Alone with Duke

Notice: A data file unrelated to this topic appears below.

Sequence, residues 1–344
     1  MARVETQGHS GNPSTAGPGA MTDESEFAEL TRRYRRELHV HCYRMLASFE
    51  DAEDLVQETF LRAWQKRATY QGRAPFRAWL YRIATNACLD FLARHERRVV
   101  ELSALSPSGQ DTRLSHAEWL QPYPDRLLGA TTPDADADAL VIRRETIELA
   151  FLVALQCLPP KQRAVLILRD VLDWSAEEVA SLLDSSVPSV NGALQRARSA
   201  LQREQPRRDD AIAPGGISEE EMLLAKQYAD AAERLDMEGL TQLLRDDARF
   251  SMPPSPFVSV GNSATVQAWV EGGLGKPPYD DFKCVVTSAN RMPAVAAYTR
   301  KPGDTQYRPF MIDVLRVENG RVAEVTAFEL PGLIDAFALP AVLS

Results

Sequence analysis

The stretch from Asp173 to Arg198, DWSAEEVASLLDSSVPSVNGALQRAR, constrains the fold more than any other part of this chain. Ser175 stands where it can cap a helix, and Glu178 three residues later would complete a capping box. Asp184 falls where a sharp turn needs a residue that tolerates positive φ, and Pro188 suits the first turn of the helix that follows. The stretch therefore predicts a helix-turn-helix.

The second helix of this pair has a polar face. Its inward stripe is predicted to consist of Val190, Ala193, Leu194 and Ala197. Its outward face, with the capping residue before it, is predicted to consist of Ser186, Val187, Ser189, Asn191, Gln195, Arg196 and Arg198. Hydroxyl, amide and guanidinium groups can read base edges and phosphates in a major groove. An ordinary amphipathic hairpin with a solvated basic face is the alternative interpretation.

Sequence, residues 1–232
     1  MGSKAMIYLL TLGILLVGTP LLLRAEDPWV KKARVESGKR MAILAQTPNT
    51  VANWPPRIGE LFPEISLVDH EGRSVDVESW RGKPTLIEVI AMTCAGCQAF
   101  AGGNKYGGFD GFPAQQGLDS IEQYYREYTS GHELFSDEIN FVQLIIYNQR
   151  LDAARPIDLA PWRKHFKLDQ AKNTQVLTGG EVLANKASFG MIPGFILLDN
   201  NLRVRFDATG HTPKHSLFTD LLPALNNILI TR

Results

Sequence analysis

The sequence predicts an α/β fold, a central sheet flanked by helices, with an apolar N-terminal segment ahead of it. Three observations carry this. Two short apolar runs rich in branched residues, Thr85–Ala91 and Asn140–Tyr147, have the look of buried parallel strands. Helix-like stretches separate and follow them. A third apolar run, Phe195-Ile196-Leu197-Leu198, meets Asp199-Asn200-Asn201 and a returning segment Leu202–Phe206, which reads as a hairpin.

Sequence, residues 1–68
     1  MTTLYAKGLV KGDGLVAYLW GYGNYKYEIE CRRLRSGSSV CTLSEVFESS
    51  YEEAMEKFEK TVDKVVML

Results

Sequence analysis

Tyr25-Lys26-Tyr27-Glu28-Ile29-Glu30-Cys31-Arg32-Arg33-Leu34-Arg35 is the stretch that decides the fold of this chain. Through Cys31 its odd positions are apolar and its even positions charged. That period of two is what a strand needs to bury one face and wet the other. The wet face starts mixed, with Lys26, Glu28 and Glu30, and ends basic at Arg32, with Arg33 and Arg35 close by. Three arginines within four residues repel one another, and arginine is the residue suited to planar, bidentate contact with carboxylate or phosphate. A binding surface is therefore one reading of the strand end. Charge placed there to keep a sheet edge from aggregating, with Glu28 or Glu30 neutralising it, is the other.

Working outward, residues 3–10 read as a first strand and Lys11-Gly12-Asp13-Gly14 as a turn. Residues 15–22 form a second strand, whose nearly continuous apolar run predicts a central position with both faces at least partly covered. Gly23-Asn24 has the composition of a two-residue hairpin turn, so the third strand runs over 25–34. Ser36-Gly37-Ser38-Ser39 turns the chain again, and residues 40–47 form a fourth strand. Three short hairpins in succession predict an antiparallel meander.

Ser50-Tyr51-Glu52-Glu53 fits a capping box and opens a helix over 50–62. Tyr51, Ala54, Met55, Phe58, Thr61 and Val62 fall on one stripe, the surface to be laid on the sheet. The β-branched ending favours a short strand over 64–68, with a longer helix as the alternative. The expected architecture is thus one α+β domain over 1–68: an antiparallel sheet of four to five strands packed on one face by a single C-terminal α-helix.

Of the all the musical configurations jazz pianists might work in, the solo format is the most demanding. Keyboardists have to generate all three musical elements-melody, harmony and rhythm-all by themselves. Like the plate spinners on the old-time variety shows, the lone pianist instantly designs a personal little solar system and then proceeds to animate it. It's the most realized example of the instrument's potential, and in the hands of a skilled technician and interpreter, the instrument truly lives up to it's capacity as an orchestra in a box. The solo format is also the most revealing for a pianist. There's no rhythm support from bassists and drummers, no hiding within the ensemble, no relying on the thematic gifts of soloists, no identity subordination in deference to a singer. Like a crystal clear x-ray, the solo pianist quickly reveals all musical strengths and weaknesses. With this album of solo interpretations of Duke Ellington as evidence, pianist David Morgenroth sounds extremely healthy. The first thing you notice about him is his authoritative attack and rhythmic propulsion. Like all of the best jazz pianists, he carries his own rhythm section in his left hand. Duke wrote "Cotton Tail" as a swing feature for Ben Webster's swaggering tenor saxophone. Morganroth's bass lines swing that piece relentlessly. He's the rare contemporary jazz pianist whose drive harkens back to the days when a lone 'tickler" could move a whole room of dancers at a rent party. Conversely, he reconsiders "I Let a Song Go Out of My Heart" as a light waltz, yet it's just as swinging in it's own way. His reworking of "Prelude to a Kiss" as a jaunt brings to mind Jimmy Rowles, the past piano master who could inject rhythm into any ballad, no matter how slow. Strong pulse aside, Morgenroth is no pounder. His delicate touch on the ballads brings out the promise of beauty that Ellington wrote into his mood pieces. Hear the range of touch on Duke's gorgeous "The Single Petal of a Rose." On this most introspective of pieces, David moves from an awed whisper to a declarative application. And how many present-day jazz pianists know, let alone perform, this most exquisite example of Ellingtonia? Inclusion of the one-chord "C Jam Blues," a metric reworking of "I'm Just a Lucky So and So" or straightforward rhythm tunes like "Love You Madly" and "Squeeze Me" might seem odd choices for a serious piano program. But David knows that the simpler the pieces, the more room for exploration. He revels in the 12/8 time signature-either stated outright or implied-and is more than conversant with the work of blues masters, from Pete Johnson to Gene Harris. Notice how Morgenroth subtly moves from the feel of gospel to the blues on "Come Sunday." For a Missoula, Montana native, he deftly taps into the Southern Baptist current of "Jump For Joy." David studied with jazz piano great Fred Hersch for five years. Hearing the crystalline reverence of David's version of "Melancholia," it's tempting to imagine the kind of delving into the deeper recesses of the piano. Both artists can reach that place in music that transcends style, form--even the instrument itself-and arrives at human communication that eludes explanation yet touches the heart. Ellington scholar Stanley Dance addressed a USC class in 1981 and spoke about a dominant characteristic of Ellingtonia: "As a kid he played a bit of piano but not too much. His chief interests were sports but his real talent seemed to be as a painter. I've seen one or two paintings from his earlier days and he had a very good sense of color-bold color-rather like Gauguin but it was harmonious. When he eventually gets into music, I think that sense of color, and color contrasts, is really one of the things that distinguishes his music. Most of the other arrangers in jazz never had this great variety of color. That's why he always maintained those plunger mutes when everybody else said they were old fashioned. He never obeyed fashion." Morgenroth's color is evident in his rich chords and voicings throughout but, again, it's the ballads that show his range of expression and depth of vocabulary. His sublime rubato treatment of "In a Sentimental Mood" let's those chords gently roll while the tone moves from solitary gloom to a sunny resolution. Those kind of subtle yet profound variations and calibrations abound on this collection by an emerging master. Kirk Silsbee October 2009.